HUMP Programming Project

This program is to implement the HUMP (WUMP with Handoff) client in java (or C#). Those registered for 343 are to do this with window size 1; those registered for 443 should implement a more-or-less arbitrary window size [you can choose a fixed window size at compile time]. Here is an overview of the three WUMP protocols (BUMP, HUMP, and CHUMP).

For the Java version, the starter files are below. Changes should only be made to the file.

The HUMP option is the best way to handle NAT firewalls, which is why we're doing it.

I have old C# versions of the above files, but I would need to update them to supporting HUMP. But let me know if this is an issue for you..

Your assignment is to do the following, by modifying and extending the outline file:

  1. Implement the basic transfer:
  2. These two (or 2.5) steps should mean that the vanilla transfer works (if it still does not, try running the program on campus and using the LUC Wi-Fi network).
  3. Add all appropriate packet sanity checks: timeouts, host/port, size, opcode, and block number
  4. Generate output. The transferred file is to be written to System.out. A status message about every packet (listing size and block number) is to be written to System.err. Do not confuse these!
  5. Terminate after a packet of size less than 512 is received
  6. Implement an appropriate "dallying" strategy
  7. send an ERROR packet if it receives a packet from the wrong port. The appropriate ERRCODE in this case is EBADPORT.
  8. If required, implement support for window sizes > 1.

For BUMP, in which the server answers from a previously unseen port, it is helpful to view the description in terms of the state diagram. We will use the states UNLATCHED, ESTABLISHED and DALLY used to describe TFTP in

    Transition to ESTABLISHED on receipt of a valid Data[1] packet (correct source IP address, etc)
    Save the source port as latchport

    At any point we are expecting block expected_block
    If we receive a valid full-sized Data[N] packet with N==expected_block, increment expected_block.
    The source port must match latchport.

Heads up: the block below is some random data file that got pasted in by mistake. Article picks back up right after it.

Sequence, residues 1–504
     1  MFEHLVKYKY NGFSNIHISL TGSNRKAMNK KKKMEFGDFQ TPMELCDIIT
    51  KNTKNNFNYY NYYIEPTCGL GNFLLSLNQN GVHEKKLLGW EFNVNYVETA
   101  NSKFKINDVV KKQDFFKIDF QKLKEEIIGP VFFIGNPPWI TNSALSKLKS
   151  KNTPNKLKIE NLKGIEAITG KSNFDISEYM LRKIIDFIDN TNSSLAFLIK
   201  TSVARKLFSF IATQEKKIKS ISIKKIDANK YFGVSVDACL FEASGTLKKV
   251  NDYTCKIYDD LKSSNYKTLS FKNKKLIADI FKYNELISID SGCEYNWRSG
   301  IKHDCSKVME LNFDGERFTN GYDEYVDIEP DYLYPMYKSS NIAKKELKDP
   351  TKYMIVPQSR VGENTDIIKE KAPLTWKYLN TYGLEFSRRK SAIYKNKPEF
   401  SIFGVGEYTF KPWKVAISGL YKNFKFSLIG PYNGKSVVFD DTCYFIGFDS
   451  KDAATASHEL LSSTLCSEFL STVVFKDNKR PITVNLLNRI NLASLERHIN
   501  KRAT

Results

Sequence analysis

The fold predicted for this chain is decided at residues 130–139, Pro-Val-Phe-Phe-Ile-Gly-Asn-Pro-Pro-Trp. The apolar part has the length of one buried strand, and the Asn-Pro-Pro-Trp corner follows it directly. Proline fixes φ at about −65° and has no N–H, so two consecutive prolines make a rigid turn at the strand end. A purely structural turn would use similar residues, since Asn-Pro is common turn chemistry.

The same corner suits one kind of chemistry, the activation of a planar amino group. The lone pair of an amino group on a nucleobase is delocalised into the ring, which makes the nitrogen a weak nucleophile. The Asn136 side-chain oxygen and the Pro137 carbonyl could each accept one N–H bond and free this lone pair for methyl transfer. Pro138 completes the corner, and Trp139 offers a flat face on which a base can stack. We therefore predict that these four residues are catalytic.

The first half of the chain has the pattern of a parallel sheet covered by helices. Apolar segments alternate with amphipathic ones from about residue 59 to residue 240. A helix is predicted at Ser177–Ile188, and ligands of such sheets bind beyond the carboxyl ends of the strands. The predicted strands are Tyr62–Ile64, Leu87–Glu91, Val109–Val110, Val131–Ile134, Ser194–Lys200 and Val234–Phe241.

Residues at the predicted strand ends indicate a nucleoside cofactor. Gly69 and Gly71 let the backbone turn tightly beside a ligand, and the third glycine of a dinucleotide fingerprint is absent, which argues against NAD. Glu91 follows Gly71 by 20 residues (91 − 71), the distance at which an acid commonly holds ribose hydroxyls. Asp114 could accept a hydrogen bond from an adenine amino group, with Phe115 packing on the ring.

If we receive a valid Data[N] with N==expected_block and with size < 512 bytes, transition to DALLY

    If we receive a valid Data[N] from the correct port, with N == expected_block, resend the last ACK
    Exit this state after sufficient elapsed time

For HUMP, there is no clear UNLATCHED state where you're waiting for a packet from a port that is not known. However, we might call everything before the client sends ACK[0] the UNCONNECTED state, and everything following (until the end of the file) the CONNECTED state.

An outline of the program main loop, with notes, is available here

. I recommend that you implement this in phases, as follows.
  1. Implement the steps above under "basic transfer". These are also discussed below. This will mean that the vanilla transfer completes.
  2. Add the end-of-file (size < 512) check
  3. Add sanity checks, for (in order) host/port, packet size, protocol, opcode, and block number.
  4. Handle timeouts, by retransmitting the most recently sent packet when the elapsed time exceeds a certain amount (2 seconds?). The packet resent will always be ackDG. Use the send_time variable to determine how long the elapsed time has been. Note that the response to an InterruptedIOException, a "true" timeout, will simply be to continue the loop again.
  5. Add support for an dallying and error packets. After the client has received the file, dallying means to wait something like two timeout intervals (or more) to see if the final data packet is retransmitted. If it is, it means that the final ACK was lost. The dally period gives the client an opportunity to resend the final ACK. Error packets are to be sent to any sender of an apparent data packet that comes from the wrong port.